COVID-19 short-term forecasts Confirmed 2021-06-04 Latin American Countries


General information

  • Forecasts produced by Jennie Castle, Jurgen Doornik, and David Hendry, researchers at the University of Oxford. These are our forecasts, and should not be considered official forecasts from, or endorsed by, any of: University of Oxford, Oxford Martin School, Nuffield College, or Magdalen College.
  • These forecasts are short term time-series extrapolations of the data. They are not based on epidemiological modelling or simulations. All forecasts are uncertain: their success can only be determined afterwards. Many mitigation strategies are in place, which, if successful, invalidate our forecasts. An explanation of our methods is provided below.
  • A list of notes is below. The most recent note:
    [2021-04-29]The `legacy' download for areas of England is stuck at April 26, so we switched to the newer downloads. The results now include Scotland, Wales, and Northern Ireland. The map, however, only shows England.

Peak increase in estimated trend of Confirmed in Latin America 2021-06-04

ArgentinaBahamasBarbadosBelizeBoliviaBrazilChileColombiaCosta RicaDominican RepublicEcuadorEl SalvadorGuatemalaGuyanaHaitiHondurasJamaicaMexicoNicaraguaPanamaParaguayPeruSurinameTrinidad and TobagoUruguayVenezuela
Peak date (mm-dd) --2021-04-252021-02-1812-032021-06-012021-03-24 -- -- -- --2021-05-022021-04-112021-04-192021-05-132021-01-192021-02-032021-03-182021-01-2005-262021-01-07 --2021-04-09 --2021-05-292021-04-092021-05-16
Peak daily increment 60 106 1122 3416 74846 2043 675 1349 126 63 1356 662 16980 177 3354 8725 551 5275 1654
Days since peak 40 106 183 3 72 33 54 46 22 136 121 78 135 374 148 56 6 56 19
Last total 3915397 11930 4029 12861 383457 16841408 1411346 3518046 327979 298414 430739 74141 259954 17459 15058 241039 48638 2429631 7481 381122 368183 1976166 16009 25801 308490 239252
Last daily increment 30950 0 3 21 3000 37936 8245 30000 2200 1295 922 0 1321 83 127 657 0 2809 0 915 3481 10734 333 529 4079 1239
Last week 183134 185 17 70 16743 369808 41749 154985 13877 7888 5998 895 6117 637 930 4087 264 18128 157 3694 17570 28611 1494 2800 20318 7809
Previous peak date10-1610-17 -- --2021-01-2208-0406-062021-01-1509-142021-01-1804-2408-0507-1809-2106-0206-2809-2210-05 -- --06-2708-0208-1309-18 --09-08
Previous peak daily increment 14331 104 2113 45270 7349 18367 1226 1589 7778 420 2590 66 175 795 160 22832 155 8380 94 117 1085
Low between peaks 7 704 19228 -4305 70 423 13 6 305 50 4599 1490 4 276

Confirmed count forecast Latin America (bold red line in graphs) 2021-06-05 to 2021-06-11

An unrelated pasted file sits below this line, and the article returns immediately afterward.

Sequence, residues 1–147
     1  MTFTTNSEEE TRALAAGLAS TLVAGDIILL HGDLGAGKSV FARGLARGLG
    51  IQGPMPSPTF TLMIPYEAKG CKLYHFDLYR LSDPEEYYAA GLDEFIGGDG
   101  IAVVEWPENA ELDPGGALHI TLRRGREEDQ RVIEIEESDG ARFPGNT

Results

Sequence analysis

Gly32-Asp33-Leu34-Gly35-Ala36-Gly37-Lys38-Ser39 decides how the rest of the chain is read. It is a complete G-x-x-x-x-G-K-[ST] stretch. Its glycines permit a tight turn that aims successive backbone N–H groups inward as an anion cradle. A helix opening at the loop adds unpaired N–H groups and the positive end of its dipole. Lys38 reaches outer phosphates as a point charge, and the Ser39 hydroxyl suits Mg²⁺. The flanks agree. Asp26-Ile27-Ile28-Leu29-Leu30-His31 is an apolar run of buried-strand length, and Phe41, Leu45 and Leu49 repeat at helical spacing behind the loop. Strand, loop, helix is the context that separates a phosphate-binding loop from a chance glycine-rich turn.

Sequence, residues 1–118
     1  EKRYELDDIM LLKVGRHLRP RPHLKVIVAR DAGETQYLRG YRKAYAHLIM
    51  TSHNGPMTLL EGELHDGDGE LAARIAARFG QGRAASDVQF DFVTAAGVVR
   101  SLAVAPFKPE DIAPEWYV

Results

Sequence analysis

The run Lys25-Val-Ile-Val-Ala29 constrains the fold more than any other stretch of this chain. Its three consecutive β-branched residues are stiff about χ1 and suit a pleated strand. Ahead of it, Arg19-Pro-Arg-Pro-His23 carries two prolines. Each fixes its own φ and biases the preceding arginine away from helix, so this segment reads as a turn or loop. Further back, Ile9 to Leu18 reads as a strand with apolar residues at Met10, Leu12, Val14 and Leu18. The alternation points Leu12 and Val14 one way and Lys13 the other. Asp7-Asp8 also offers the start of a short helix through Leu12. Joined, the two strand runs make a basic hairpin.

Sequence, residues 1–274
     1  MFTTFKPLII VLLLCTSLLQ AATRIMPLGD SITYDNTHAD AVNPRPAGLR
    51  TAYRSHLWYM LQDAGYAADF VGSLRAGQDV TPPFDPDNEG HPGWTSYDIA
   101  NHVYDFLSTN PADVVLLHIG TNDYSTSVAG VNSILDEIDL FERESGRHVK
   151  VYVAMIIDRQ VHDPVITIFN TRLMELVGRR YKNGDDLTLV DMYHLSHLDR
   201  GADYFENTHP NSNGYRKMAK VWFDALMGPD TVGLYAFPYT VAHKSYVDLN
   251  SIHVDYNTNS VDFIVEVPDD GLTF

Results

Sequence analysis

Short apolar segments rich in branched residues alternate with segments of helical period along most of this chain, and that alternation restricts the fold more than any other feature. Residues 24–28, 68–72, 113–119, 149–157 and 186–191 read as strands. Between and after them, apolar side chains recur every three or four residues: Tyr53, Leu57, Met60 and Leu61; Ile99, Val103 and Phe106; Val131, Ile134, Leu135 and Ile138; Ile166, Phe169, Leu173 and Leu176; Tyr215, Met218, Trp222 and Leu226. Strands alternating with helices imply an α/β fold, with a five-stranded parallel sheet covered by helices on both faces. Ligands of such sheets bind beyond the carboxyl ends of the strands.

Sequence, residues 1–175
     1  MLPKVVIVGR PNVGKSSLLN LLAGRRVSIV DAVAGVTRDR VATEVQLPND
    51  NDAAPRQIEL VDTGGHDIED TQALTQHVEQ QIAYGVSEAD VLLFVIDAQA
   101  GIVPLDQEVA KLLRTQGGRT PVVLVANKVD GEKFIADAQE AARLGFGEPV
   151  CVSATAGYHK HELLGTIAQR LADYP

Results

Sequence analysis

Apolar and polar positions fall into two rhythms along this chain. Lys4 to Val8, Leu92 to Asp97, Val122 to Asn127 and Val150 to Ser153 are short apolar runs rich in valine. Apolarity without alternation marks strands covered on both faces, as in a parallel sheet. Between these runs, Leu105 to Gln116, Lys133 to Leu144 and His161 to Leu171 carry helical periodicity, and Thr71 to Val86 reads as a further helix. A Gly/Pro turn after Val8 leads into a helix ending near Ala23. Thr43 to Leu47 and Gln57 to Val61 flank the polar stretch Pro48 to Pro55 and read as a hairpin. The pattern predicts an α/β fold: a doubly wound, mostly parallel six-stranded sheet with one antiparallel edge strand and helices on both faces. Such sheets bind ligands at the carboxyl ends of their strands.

DateArgentinaBoliviaBrazilChileColombiaCosta RicaDominican RepublicEcuadorEl SalvadorGuatemalaGuyanaHaitiHondurasJamaicaMexicoPanamaParaguayPeruSurinameTrinidad and TobagoUruguayVenezuela
2021-06-04 3915397 383457 16841408 1411346 3518046 327979 298414 430739 74141 259954 17459 15058 241039 48638 2429631 381122 368183 1976166 16009 25801 308490 239252
2021-06-05 3949000 386100 16923000 1421000 3544000 329300 299900 432500 74300 260700 17640 15090 241800 48700 2430000 381900 371200 1980000 16220 25910 312000 240500
2021-06-06 3971000 387600 16963000 1429000 3569000 329700 301300 433800 74420 260900 17750 15090 242900 48860 2431000 382400 373900 1983000 16390 26460 314800 241500
2021-06-07 3997000 389600 16991000 1436000 3592000 335000 302300 434200 74560 260900 17790 15090 243800 48970 2431000 382900 376600 1988000 16580 26680 317800 242600
2021-06-08 4025000 391800 17063000 1442000 3611000 337300 303200 435500 74690 262200 17920 15090 244600 49050 2435000 383700 379100 1989000 16770 27080 321000 243700
2021-06-09 4053000 394200 17148000 1448000 3629000 339600 304200 436700 74830 263400 18090 15090 245300 49130 2438000 384400 381600 1998000 16960 27480 324300 244800
2021-06-10 4085000 396600 17222000 1457000 3646000 341700 305700 437800 74970 264700 18190 15090 246100 49200 2441000 385200 384000 1999000 17150 27980 327600 246000
2021-06-11 4117000 399100 17264000 1464000 3662000 343700 306800 438700 75110 265900 18260 15090 246800 49260 2443000 385900 386500 2006000 17340 28540 331000 247100

Confirmed count average forecast Latin America (bold black line in graphs) 2021-06-05 to 2021-06-11

DateArgentinaBoliviaBrazilChileColombiaCosta RicaDominican RepublicEcuadorEl SalvadorGuatemalaGuyanaHaitiHondurasJamaicaMexicoPanamaParaguayPeruSurinameTrinidad and TobagoUruguayVenezuela
2021-06-04 3915397 383457 16841408 1411346 3518046 327979 298414 430739 74141 259954 17459 15058 241039 48638 2429631 381122 368183 1976166 16009 25801 308490 239252
2021-06-05 3947000 386100 16913000 1420000 3544000 328900 299800 431800 74290 260900 17580 15170 241800 48690 2432000 381700 370900 1982000 16270 26290 312400 240300
2021-06-06 3976000 388100 16951000 1426000 3566000 329900 301000 432300 74430 261300 17670 15230 242500 48770 2434000 382000 373000 1984000 16490 26860 315700 241300
2021-06-07 4004000 390200 16977000 1432000 3588000 333400 302000 432500 74570 261700 17740 15290 243100 48830 2435000 382200 375300 1988000 16690 27290 319100 242200
2021-06-08 4035000 392400 17048000 1437000 3610000 335400 303100 433200 74710 262600 17850 15360 243800 48880 2438000 382600 377700 1990000 16870 27770 322600 243200
2021-06-09 4063000 394700 17127000 1441000 3633000 337600 304200 433800 74850 263500 17980 15440 244400 48920 2441000 382900 380300 1996000 17070 28240 326100 244200